I first discovered Martin Weber’s project, Echoes from the Interior when it was shown in 2002 at a long-defunct gallery in Harlem called The Project. At the time I had just moved to New York and was discovering the pleasures of super-huge color C-prints common in contemporary photography [then and now]. Weber’s project really stuck with me because I had just recently spent a year and a half living in Argentina in 1999 and 2000 and to see large format, color works of subject matter I was familiar with and nostalgic for was a big deal for me at the time. Unfortunately I never bothered to write down Weber’s name and, although the photos stuck with me, for a number of years I had no idea who they were by. Eventually I came across one of the prints at an art show here in Buenos Aires and was able to track down Weber. At the time he didn’t have a website but he does now.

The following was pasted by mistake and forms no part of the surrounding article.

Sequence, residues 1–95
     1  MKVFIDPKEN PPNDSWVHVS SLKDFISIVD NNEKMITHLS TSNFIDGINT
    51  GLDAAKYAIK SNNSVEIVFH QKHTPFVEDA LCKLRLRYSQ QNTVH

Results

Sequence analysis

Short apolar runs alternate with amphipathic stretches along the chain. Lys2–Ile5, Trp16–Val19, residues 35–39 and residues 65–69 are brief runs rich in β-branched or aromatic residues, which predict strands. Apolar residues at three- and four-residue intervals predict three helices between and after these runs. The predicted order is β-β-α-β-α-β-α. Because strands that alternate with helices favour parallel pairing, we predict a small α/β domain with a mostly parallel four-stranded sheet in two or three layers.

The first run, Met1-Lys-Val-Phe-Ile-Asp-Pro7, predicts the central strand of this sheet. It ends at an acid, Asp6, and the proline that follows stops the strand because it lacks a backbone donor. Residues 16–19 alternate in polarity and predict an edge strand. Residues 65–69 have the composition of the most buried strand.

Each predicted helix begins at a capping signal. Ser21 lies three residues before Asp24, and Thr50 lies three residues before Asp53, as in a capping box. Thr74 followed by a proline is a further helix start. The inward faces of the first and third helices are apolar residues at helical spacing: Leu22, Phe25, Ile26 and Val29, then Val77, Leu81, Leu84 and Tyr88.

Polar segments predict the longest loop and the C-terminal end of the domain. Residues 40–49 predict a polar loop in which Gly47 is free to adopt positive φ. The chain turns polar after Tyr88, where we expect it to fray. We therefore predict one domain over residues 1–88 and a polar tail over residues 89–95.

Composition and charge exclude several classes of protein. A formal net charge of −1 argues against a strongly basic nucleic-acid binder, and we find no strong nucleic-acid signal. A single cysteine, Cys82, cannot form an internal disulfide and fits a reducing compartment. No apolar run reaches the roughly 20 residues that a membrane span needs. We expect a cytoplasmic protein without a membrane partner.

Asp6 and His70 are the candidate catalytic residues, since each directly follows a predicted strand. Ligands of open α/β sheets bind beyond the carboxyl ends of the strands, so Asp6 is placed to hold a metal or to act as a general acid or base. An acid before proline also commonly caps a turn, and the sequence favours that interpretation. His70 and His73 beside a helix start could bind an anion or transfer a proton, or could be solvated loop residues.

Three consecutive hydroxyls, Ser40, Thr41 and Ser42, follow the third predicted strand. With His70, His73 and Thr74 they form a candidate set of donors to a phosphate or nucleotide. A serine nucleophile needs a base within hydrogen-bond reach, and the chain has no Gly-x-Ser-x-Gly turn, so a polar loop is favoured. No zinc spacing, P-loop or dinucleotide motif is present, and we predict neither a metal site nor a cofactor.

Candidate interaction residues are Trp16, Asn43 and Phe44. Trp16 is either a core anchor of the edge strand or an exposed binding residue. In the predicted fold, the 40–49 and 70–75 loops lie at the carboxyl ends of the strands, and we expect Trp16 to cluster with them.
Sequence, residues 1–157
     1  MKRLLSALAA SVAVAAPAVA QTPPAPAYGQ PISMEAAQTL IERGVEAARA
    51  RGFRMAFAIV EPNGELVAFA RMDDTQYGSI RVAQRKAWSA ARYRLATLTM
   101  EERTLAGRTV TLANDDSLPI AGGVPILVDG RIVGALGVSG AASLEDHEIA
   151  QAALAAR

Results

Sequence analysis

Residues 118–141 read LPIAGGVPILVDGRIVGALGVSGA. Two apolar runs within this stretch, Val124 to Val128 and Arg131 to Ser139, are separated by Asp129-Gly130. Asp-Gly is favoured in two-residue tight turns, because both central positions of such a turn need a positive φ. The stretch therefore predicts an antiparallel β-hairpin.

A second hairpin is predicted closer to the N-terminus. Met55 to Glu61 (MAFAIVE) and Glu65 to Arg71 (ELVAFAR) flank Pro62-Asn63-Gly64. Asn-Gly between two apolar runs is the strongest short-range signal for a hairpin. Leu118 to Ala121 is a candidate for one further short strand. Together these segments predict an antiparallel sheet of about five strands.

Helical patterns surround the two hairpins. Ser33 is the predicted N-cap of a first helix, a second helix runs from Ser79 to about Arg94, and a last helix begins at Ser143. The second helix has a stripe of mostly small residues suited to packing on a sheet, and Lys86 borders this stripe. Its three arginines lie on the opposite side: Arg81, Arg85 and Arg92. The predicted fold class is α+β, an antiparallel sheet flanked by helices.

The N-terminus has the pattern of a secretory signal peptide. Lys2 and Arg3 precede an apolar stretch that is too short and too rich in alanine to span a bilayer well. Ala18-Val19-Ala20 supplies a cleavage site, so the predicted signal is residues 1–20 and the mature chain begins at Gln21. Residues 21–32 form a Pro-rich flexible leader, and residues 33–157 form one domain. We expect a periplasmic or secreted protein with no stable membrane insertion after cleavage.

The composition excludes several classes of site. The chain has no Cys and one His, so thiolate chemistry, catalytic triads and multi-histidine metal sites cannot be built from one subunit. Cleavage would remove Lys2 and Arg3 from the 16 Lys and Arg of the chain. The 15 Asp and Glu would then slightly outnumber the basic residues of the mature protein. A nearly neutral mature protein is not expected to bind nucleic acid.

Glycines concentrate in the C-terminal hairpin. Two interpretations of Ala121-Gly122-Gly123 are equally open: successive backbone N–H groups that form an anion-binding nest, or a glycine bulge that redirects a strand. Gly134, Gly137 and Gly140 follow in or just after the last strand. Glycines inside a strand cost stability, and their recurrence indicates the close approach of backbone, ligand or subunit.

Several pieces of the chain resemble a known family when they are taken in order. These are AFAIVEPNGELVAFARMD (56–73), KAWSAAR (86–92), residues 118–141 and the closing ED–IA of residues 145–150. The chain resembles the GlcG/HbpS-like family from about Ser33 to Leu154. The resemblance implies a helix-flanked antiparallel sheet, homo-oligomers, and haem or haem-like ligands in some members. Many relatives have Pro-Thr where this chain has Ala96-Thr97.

The series show scenes from various provinces of Argentina’s interior which have, in some way, to do with the history of the country and popular beliefs of the people. Many elements of the country’s recent political and economic history are touched upon in an eliptical way. Helpfully, the photos in the series come with an explanatory text, making each photo into sort of fable. The text that goes with the images here on my blog is too small to read, so I’d recommend going to Weber’s website and going through the whole series.